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2019 Reading Round-Up

Happy 2020, my bookish friends!

First off, let me say right away that I will NOT be doing a favorite books of the past decade post. Sorry, but also I am not sorry, because I would actually drive myself insane trying to figure out my favorite books from the PAST TEN YEARS. That is so many years! So many books! How is that even possible? Also, it seems unfair? Ten years ago, I was 22, and the books that hit me hard at 22, I may roll my eyes at now at 32, but I don’t think that diminishes the impact they had on me a decade ago, so, yeah, I’m not touching that.

If you want recaps of my past reading habits, check out my 2018 Reading Round-Up and 2017 Reading Round-Up posts and this piece I wrote for Wellesley Underground about spending 2015 only reading books by women. (2010 to 2012 I was pretty much reading only YA and middle grade books because I was teaching at a middle school in Dorchester, and 2012 to 2014 I was in grad school and was reading whatever my MFA professors were telling me to read, and then I guess I was too much of an empty shell in 2016 to write anything about what I read that year?) You can also browse my GoodReads profile which I have been updating regularly since January 2012, and see my GoodReads reading challenges from 2018, 2017, 2016, 2015, 2014, 2013, and 2012.

I would only read 568 pages for Alexander Chee and no one else.

But! As promised, even if I can’t handle recapping the whole past decade, I present to you my annual reading tally for the past year. So, as is tradition, here is the breakdown of what I read in 2019, my top 19 books that were published 2019, plus my reading resolutions for the upcoming decade and some of the books I am looking forward to in 2020.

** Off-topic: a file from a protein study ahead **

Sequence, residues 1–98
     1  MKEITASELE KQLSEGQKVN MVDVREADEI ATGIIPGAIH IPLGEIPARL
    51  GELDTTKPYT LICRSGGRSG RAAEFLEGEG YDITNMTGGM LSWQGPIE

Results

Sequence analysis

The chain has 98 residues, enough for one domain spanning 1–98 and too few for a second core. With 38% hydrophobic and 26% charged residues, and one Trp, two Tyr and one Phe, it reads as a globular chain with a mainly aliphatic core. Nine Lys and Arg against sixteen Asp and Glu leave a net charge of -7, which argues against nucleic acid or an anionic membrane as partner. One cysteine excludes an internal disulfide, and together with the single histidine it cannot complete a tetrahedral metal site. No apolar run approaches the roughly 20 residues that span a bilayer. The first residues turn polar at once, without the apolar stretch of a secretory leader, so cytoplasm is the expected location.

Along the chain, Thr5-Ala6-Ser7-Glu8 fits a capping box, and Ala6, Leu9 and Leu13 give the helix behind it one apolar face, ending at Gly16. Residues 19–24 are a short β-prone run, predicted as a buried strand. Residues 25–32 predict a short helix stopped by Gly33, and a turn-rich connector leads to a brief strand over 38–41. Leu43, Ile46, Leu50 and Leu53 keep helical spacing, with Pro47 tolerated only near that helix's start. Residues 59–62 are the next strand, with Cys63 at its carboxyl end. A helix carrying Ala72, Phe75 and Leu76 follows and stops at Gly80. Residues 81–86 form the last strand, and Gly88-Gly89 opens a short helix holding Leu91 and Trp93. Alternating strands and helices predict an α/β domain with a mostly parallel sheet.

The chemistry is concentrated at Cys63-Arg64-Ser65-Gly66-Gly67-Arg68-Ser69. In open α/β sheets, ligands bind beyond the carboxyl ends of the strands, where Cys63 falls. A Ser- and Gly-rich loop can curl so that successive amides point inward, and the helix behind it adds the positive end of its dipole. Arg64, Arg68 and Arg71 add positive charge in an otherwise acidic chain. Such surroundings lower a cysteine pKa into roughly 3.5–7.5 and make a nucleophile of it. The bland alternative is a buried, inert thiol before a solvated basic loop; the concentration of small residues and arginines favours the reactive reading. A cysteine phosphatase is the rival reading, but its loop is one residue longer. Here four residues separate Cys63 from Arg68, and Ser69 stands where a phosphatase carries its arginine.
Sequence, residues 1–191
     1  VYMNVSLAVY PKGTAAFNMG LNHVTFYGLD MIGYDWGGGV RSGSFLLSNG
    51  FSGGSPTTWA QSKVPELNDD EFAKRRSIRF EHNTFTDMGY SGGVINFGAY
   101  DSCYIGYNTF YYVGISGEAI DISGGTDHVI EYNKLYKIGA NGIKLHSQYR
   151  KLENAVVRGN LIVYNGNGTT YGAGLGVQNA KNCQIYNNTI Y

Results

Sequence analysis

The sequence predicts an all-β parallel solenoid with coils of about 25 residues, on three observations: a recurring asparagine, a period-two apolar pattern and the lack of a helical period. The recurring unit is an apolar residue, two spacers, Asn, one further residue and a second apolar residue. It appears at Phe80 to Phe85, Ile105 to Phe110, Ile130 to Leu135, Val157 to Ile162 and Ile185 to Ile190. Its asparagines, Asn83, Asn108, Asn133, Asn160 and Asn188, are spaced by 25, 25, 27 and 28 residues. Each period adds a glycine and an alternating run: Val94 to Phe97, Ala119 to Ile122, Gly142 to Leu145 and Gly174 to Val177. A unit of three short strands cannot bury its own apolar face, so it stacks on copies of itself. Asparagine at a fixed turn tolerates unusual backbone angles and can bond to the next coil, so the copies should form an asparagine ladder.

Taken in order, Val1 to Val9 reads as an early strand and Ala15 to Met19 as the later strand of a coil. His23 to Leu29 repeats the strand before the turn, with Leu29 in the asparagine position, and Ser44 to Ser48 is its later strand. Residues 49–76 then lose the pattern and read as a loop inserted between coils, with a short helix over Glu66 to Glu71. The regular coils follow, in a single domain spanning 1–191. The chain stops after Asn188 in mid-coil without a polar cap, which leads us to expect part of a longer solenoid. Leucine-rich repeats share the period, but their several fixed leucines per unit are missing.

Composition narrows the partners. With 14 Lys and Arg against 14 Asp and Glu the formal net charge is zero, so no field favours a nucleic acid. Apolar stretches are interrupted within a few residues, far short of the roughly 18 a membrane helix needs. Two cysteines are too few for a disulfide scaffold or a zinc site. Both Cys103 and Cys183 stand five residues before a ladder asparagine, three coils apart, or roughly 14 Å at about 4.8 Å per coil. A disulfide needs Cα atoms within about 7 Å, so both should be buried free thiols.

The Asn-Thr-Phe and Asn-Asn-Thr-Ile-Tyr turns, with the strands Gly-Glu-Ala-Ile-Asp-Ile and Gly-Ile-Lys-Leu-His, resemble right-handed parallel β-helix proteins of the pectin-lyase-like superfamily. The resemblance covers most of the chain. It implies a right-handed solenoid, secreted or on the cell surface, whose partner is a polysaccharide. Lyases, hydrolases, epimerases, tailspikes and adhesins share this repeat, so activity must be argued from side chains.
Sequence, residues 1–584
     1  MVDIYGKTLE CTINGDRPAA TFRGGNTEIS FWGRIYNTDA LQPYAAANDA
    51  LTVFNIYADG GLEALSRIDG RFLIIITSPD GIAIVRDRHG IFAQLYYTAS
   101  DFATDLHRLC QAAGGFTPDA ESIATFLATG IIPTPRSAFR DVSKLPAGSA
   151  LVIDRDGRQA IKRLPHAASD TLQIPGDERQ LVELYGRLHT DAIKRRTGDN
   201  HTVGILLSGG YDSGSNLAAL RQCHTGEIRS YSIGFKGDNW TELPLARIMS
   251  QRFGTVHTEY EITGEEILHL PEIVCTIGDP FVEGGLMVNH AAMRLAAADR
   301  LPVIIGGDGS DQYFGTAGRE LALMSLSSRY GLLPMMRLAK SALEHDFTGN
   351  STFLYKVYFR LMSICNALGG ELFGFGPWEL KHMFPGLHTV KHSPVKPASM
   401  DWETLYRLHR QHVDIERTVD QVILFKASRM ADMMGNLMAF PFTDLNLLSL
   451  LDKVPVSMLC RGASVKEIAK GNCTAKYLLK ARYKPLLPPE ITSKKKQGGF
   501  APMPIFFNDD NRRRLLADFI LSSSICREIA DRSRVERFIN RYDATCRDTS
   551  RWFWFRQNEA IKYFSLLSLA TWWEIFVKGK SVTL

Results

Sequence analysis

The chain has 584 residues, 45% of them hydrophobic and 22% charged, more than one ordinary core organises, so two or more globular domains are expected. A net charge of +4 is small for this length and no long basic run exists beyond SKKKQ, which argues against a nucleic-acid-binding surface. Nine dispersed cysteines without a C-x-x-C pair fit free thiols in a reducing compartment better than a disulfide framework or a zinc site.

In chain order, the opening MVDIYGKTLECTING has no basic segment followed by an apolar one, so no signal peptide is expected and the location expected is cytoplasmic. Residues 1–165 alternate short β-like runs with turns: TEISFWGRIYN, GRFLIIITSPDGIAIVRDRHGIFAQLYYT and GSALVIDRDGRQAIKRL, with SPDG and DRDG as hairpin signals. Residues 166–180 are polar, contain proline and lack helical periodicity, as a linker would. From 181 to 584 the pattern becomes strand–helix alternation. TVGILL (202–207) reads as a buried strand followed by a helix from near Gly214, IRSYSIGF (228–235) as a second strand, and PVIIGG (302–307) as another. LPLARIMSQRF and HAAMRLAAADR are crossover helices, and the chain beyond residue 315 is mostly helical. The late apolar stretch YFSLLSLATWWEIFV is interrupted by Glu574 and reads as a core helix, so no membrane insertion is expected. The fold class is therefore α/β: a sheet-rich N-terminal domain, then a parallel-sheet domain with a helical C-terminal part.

• I read 122 books, by 107 writers.


  • Fiction: 24
  • Nonfiction: 39
  • Graphic novels/comics: 3
  • Graphic memoirs/nonfiction: 14
  • Poetry: 9
  • Drama: 1
  • Young adult/middle grade: 10
  • Picture/art books: 22*
  • Books that I had already previously read: 6**

*Again, many of these were dead-pet-related picture books for research.

**Smoke Gets In Your Eyes by Caitlin Doughty, Jane: A Murder and The Red Parts by Maggie Nelson, Misty of Chincoteague by Marguerite Henry, Flowers for Algernon by Daniel Keyes, and How to Write an Autobiographical Novel by Alexander Chee.


  • Books by women of color: 29
  • Books by white women: 55
  • Books by men of color: 15
  • Books by white men: 22
  • Books by non-binary people of color: 1
  • Books by non-binary white people: 0
  • Books by LGBTQ folks: ~23


  • Books for dead pets research: 48
  • Books for Non-Fiction by Non-Men/other interviews/essays/reviews: 19
  • Books for my People Who Read Darkness book club: 12
  • Books for teaching: 4 (though every book I read is for teaching, in a way)
  • Books for fun/other reasons/just for the hell of it: 39

E.B.’s TOP 19 BOOKS PUBLISHED in 2019: